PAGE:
The amount of nutrient solution you flood your plants with requires constant attention. I’m talking about an ebb/flow or flood and drain hydroponics system where the growing medium anchoring your plants is periodically flooded with nutrient solution which drains off after a specified time over and over in a continuous cycle.
How Long and How Often Should You Flood the Plants?
The goal is to flood the plants for about one half hour, drain and then re-flood them again before the growing medium dries out. This provides the plant roots with a constant feeding from the damp, nutrient-saturated growing medium. Flooding too long or too often could drown your plants and not flooding enough could also kill them. It all depends on the density of your growing medium, the size of the growing container, the amount of heat and humidity in the air and the size of the plants. It sounds complicated but it really isn’t.
Dense growing medium will dry out slower than light medium and a small growing container will dry out faster than a larger one. Sunlight, heat and dryness will evaporate water quicker and larger plants can drink an amazing amount of water per day.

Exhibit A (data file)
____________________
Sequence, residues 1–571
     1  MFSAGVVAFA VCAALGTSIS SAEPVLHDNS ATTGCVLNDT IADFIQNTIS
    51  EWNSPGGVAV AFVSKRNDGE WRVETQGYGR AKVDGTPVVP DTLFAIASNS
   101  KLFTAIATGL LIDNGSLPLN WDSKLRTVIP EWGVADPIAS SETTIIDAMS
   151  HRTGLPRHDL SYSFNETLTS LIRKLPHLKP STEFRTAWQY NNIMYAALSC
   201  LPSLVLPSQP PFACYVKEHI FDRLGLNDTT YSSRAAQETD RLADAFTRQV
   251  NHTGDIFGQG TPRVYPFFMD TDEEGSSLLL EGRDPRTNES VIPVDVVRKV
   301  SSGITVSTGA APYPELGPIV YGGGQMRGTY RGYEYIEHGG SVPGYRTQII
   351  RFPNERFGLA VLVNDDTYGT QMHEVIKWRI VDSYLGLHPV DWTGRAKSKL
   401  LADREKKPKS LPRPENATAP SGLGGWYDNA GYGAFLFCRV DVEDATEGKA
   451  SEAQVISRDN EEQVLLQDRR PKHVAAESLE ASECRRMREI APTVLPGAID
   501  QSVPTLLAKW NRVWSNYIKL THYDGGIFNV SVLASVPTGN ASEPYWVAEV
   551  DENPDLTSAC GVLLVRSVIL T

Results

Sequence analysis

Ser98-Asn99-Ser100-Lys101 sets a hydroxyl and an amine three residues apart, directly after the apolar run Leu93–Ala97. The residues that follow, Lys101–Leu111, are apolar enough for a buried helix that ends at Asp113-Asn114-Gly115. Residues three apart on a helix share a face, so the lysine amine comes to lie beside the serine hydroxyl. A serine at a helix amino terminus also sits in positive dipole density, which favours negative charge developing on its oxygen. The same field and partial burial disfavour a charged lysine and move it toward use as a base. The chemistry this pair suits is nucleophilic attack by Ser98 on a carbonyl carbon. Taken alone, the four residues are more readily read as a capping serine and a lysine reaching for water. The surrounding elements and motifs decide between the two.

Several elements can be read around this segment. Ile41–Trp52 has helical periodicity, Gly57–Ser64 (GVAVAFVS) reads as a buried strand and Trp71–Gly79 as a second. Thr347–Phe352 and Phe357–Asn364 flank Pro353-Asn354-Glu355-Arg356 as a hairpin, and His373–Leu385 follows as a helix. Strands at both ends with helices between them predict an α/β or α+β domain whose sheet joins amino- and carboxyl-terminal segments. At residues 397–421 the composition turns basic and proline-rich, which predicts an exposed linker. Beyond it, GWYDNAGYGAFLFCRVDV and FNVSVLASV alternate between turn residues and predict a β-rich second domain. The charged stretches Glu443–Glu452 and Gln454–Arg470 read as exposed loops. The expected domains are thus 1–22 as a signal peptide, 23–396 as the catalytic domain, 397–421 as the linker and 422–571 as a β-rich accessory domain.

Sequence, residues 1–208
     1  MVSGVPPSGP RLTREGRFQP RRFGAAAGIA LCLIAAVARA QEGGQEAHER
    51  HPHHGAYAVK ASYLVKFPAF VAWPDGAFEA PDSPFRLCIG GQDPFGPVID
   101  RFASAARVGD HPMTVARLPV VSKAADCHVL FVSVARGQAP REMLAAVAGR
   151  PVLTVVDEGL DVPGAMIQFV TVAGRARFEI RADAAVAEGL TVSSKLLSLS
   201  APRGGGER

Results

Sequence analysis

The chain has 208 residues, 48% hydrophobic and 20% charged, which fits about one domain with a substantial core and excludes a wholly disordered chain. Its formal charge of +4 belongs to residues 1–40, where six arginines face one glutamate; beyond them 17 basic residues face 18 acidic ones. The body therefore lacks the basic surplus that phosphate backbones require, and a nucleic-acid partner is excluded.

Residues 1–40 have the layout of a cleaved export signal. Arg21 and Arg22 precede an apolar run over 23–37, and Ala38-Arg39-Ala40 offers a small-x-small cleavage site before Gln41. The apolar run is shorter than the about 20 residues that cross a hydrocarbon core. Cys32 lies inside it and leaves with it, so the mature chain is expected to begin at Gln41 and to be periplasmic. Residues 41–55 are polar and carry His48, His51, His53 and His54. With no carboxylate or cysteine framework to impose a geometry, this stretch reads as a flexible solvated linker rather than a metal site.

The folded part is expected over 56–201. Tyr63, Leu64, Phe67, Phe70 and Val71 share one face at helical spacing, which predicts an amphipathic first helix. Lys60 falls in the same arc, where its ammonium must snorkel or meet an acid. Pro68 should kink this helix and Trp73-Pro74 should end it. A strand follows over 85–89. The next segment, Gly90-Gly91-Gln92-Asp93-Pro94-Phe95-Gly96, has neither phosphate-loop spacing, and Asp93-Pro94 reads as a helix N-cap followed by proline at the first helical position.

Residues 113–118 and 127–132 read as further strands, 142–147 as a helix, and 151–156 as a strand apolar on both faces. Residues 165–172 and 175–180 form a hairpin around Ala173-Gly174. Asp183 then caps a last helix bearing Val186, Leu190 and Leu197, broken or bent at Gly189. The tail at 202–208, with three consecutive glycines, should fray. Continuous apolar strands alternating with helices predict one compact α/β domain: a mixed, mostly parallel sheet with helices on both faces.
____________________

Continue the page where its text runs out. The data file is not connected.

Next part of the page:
I have an ebb/flow system with a growing container about 1.5 feet by 2 feet and 8 inches high which I keep in a hot and humid greenhouse. When the plants are young I will flood them for one half hour every 4 hours day and night. I will also change this to flooding the plants one half hour every 3 hours during the day and one half hour every 6 hours at night, as the temperature climbs in the summer and the plants grow.
I judge whether I ‘have it right’ by my plants. If they wilt during the day I increase the frequency of watering, checking first to make sure the medium is dry. If it is saturated I decrease the frequency. In my second ebb/flow system I have 12 plants each in a 16 oz cup filled with medium. Since this tends to dry out very quickly I flood this for 10 to 15 minutes on the hour, every hour.
So there is really no set rule; for small containers start for 10 minutes every hour and for larger containers start with one half hour every 4 hours and adjust from there by watching how your plants react.
Larry Maki is an avid, self-taught hydroponics gardener from Connecticut with a passion for alternative types of gardening.